My friend Bob commented on Facebook that he thought he had Celtic ancestors who once lived in Galicia and that a form of Gaelic was still spoken here. Yes, Galicia does have its own language, called Galega, still spoken by many Galicians. And it says in our gúdebook that "Galicia shares many historical and physical similarities with other Celtic regions, particularly the west of Ireland."
Though Ive never been to Ireland, Galicia looks to me like what I imagine the Irish countryside to look like: green and verdant, narrow lanes along ancient stone walls and crumbling stone barns, rugged and magically beautiful.
We've met Irish pilgrims along the way who've told us that Galicia does, indeed, remind them of Ireland - right down to the pervasive smell of manure in the air. I'd say there are almost as many farm animals in Galicia as people. Maybe more.
Yesterday we walked 14 kilometers from Samos to the city of Sarria.
From here to Santiago we can expect the Camino to be crowded with day-tripping, backpack-free pilgrims who've come with tour groups to walk the last 100 kilometers to Santiago, as 100 kilometers is the minimum distance required of a pilgrim to walk in order to receive the Compostela, or certificate of completion of the Camino.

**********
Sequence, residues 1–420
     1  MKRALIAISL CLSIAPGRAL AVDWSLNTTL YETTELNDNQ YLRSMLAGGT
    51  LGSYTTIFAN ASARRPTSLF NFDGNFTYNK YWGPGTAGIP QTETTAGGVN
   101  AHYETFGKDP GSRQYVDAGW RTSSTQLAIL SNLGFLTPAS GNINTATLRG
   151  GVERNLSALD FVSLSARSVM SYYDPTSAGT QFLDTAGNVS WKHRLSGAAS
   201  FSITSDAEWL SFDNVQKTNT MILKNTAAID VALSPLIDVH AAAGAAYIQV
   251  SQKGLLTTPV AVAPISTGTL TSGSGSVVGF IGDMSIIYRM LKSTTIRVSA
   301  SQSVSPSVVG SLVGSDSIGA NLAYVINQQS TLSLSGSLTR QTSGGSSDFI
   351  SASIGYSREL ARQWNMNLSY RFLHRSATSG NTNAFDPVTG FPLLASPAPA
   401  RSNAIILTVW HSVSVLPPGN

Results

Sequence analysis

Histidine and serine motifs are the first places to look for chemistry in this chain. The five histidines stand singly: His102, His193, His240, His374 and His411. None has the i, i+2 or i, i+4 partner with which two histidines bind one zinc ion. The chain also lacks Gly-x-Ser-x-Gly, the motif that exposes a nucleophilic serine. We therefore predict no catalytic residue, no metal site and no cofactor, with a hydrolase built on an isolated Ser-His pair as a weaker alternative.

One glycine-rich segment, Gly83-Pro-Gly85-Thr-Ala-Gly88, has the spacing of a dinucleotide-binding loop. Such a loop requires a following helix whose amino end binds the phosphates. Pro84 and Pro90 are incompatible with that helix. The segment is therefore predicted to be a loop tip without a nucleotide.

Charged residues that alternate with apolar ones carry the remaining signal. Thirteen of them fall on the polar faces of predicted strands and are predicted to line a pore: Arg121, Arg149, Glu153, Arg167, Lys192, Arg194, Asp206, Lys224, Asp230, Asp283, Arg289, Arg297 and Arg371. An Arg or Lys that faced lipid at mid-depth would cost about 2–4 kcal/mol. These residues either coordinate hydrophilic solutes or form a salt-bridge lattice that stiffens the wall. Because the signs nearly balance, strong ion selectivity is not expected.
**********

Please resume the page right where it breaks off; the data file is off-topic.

In Sarria We found a really lovely 9€-per -bed albergue called O'Durmiñento, where the friendly, helpful hospitaliero's little poochie had his own spot on the livingroom couch.
We shared with three Italian pilgrims a wonderful 10€ community dinner cooked by the hospitaliero's mother.
This morning when we stopped at a bar for breakfast it was clear that the last-100-k crowds had already descended upon the Camino when 15 people at once pour into the bar.
Now we're off to join our fellow-pilgrim herd, on to Santiago.
A romantic comedy of errors.
Lots and lots of errors.
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The Book Loft of German Village, and